The Strad's experts evaluate the latest string recordings
Bach's Cello Suites BWV1007–12
Wednesday, 01 July 2009
Sigiswald Kuijken (shoulder cello)
Accent ACC 24196 (2 discs)
Sigiswald Kuijken decided some years ago that the instrument for which Bach wrote his cello suites was neither the instrument we know today nor the viola pomposa he is sometimes credited with inventing, but a violoncello da spalla or shoulder cello. Dmitry Badiarov made him one, and he has been playing it since 2004. He lays out his reasoning behind this appropriation of some of the most hallowed works in the (modern?) cello repertoire in an essay in the CD booklet, where he points out that there is no evidence that Bach was thinking of an instrument played between the legs.
The violoncello da spalla in Kuijken’s hands can sound beautiful and sometimes rich on its lower strings, particularly in this recording’s generous acoustic, but it also sounds rather scratchy, especially in more agile passages where it seems as if the strings are reluctant to speak. Kuijken plays, needless to say, with immense authority and a mature musicality that brings so many good things from the music. There is a vitality and lightness in his playing, particularly of the faster dances, and the spirituality of the slow movements emerges naturally: it is refreshing to hear an artist who leaves Bach to speak for himself.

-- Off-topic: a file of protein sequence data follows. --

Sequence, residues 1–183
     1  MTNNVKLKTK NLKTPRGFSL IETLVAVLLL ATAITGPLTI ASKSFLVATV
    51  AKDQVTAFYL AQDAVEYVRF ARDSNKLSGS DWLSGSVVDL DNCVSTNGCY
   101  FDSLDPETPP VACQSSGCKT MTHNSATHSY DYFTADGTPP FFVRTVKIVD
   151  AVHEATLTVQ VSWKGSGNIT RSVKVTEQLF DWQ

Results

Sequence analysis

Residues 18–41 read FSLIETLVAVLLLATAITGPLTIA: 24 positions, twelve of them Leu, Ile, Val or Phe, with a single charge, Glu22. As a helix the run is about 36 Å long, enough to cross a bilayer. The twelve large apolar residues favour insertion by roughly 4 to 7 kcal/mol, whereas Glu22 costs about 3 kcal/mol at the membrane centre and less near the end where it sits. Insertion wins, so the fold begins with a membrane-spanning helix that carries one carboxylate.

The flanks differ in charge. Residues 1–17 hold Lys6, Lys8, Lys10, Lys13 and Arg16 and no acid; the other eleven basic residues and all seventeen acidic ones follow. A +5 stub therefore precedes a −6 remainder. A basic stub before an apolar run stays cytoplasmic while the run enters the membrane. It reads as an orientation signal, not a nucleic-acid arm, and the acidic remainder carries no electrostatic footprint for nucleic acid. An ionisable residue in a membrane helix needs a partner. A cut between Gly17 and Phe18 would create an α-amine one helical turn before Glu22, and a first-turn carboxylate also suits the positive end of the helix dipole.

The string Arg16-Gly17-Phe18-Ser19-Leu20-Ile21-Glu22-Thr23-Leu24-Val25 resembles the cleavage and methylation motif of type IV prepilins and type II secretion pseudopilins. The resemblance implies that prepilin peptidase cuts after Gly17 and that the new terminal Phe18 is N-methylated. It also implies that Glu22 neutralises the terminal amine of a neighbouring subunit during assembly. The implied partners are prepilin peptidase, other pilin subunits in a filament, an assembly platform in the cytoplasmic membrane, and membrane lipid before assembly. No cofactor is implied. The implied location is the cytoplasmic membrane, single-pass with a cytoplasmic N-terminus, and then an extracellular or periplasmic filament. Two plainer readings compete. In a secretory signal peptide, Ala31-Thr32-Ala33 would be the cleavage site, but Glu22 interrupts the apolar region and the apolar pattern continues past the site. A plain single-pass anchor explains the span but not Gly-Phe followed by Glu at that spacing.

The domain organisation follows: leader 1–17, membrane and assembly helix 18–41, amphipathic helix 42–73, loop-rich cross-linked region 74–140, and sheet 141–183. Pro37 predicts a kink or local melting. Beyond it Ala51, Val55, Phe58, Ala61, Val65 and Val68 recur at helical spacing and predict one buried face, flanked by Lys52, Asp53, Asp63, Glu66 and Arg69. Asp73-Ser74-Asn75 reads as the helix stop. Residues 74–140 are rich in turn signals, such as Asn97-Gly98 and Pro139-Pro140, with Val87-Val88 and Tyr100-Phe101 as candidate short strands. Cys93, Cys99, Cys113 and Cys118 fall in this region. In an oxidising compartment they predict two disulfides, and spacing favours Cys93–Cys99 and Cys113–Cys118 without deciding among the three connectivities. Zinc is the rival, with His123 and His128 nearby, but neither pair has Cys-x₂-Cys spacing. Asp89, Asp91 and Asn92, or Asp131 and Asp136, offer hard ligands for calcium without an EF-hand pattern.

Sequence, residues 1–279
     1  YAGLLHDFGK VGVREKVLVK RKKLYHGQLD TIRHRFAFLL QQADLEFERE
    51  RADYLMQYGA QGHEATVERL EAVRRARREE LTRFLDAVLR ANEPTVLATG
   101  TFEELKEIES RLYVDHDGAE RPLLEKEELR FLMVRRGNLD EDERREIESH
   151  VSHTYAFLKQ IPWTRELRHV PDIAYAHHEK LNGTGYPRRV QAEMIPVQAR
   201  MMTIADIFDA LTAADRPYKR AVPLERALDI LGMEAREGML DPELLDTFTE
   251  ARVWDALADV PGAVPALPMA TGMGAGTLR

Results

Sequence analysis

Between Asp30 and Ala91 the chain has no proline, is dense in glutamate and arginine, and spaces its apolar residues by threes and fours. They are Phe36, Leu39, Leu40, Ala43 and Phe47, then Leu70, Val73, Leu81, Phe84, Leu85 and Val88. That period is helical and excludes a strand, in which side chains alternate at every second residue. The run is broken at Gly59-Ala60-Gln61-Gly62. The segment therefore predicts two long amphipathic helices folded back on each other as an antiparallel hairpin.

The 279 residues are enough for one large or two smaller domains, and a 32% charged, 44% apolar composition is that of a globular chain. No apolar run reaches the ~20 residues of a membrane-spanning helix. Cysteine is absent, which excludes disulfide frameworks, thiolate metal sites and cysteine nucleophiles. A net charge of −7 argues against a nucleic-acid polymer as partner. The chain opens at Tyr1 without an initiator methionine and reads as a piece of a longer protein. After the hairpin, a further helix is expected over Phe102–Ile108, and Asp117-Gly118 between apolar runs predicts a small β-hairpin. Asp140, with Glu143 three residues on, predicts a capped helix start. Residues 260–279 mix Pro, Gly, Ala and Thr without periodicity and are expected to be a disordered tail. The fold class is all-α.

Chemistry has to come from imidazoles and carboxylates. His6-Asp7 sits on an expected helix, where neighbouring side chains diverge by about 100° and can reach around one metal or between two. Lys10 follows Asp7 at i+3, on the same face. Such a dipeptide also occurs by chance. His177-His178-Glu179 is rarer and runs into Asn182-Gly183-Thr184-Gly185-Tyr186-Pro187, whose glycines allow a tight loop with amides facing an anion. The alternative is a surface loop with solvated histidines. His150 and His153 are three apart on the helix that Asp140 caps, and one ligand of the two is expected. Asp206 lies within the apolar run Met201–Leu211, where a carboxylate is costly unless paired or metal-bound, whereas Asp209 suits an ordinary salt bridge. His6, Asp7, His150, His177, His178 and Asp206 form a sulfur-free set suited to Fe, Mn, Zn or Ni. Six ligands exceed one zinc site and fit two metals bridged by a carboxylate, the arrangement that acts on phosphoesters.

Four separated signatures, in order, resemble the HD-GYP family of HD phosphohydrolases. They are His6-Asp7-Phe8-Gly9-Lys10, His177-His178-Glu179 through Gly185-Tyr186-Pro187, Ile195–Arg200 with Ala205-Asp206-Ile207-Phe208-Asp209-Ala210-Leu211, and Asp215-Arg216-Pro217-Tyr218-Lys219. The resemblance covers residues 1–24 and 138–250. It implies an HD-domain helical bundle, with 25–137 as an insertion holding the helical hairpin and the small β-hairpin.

Unfortunately, despite all the details of the instrument in the booklet, there is no mention of the special needs of the last two suites. However, the photographs show a fifth peg, and it sounds as if Kuijken is using Bach’s scordatura in the fifth suite and a top E string in the sixth.
From the July 2009 issue. Subscribe to The Strad or download our digital edition as part of a 30-day free trial.